Rev-9 also has the ability, although this is nothing new, of transforming himself into someone else, and it is disguised as Dani’s father that he arrives at the factory, Grace whisks Diego and the hysterical Dani away, informing her unemotionally that her father is dead. The Rev-9 has to make physical contact with humans to assume their identity and he usually doesn’t leave them alive. The long vehicle chase produces a lot more victims than just Diego, but his death leaves Dani traumatised.

Just when things look hopeless, Sarah Connor (Hamilton) makes a heroic entrance, shot from the boots up as she steps out of her SVU with an enormous cannon-machine gun strapped around her. Echoing Arnie’s catchphrase, I’ll be back, she disappears. The three women later reunite in Sarah’s hideaway where she warns them about using phones, and other devices that the aliens use as tracking devices.

Linda Hamilton in Terminator: Dark Fate - Credit IMDB

Linda Hamilton in Terminator: Dark Fate

Eventually, Sarah and Grace realise that the source of mysterious messages that Sarah has been receiving for years, notifying her of the arrival of the Terminators and their location, is the same person as Grace’s contact on earth. Sarah’s messages are always signed, For John, spurring Grace on and, in this instance, enabling her to intervene and help Grace and Dani on the motorway.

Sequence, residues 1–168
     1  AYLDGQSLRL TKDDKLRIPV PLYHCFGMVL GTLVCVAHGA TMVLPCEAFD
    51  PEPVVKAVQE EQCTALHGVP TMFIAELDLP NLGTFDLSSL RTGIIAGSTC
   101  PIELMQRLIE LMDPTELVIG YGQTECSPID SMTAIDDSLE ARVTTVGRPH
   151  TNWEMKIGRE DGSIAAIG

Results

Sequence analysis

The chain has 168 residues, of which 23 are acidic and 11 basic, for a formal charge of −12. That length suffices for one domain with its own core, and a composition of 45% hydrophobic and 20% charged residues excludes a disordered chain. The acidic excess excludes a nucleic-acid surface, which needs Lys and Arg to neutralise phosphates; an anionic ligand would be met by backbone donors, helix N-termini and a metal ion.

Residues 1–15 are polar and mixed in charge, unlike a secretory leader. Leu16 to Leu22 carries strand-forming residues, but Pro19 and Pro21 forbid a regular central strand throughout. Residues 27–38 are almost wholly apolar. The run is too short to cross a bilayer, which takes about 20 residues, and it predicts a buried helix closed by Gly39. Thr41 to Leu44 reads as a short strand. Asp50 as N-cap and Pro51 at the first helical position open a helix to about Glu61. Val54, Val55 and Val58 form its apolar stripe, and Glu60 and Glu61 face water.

Both women, but Sarah in particular, are in for a surprise when they show up at the remote cabin complex the woods that is Carl’s Drapery, replete with innuendo.

If the conflict sounds familiar, it is. You’ve seen it in all the Terminators, but this one has a trump card beyond the delectable triumvirate of Schwarzenegger, Hamilton and Davis (a terrific actress who appeared as the eponymous Tully alongside Charlize Theron, The Martian and Blade Runner 2049). If you haven’t realised it already, until Arnie shows up halfway through the film, the three protagonists are women, and hardly the helpless sort. Moreover, T-800, ‘model 101’ has no monopoly when it comes to heroic self-sacrificial acts to preserve the human race. And if you are thinking that Dani is, like Sarah Connor, being protected as the mother of the son to be who will save the world (no religious references here), think again. Finally, a film that busts that sexist trope modelled pretentiously on the Virgin Mary.

Gabriel Luna in Terminator: Dark Fate - Credit IMDB

Gabriel Luna in Terminator: Dark Fate

The indestructibility of the movie villain became a feature of the X-Men franchises and the Marvel comic films, but, as we saw in Avengers: Endgame, eventually even super-heroes die. One of the more tedious aspects of Terminator: Dark Fate for older generations is the generous serving of battles with Rev-9 that become increasingly cartoonish, albeit extremely well executed and varied by director Tim Miller. Rev 9 is shot at, run over, blasted through space, crushed, and even thrown into a burning cauldron, but he gets back up and attacks anew.

Natalia Reyes, a star in her native Colombia, does not make the same impression here that she did in this year’s Birds of Passage and pales in comparison to her co-stars, particularly given her future role and her relationship with Grace that is explained in an epilogue. She has all the bravura lines, attesting to her courage, but somehow, they sound like movie lines. She might impress more in the sequel.

You can watch the film trailer here: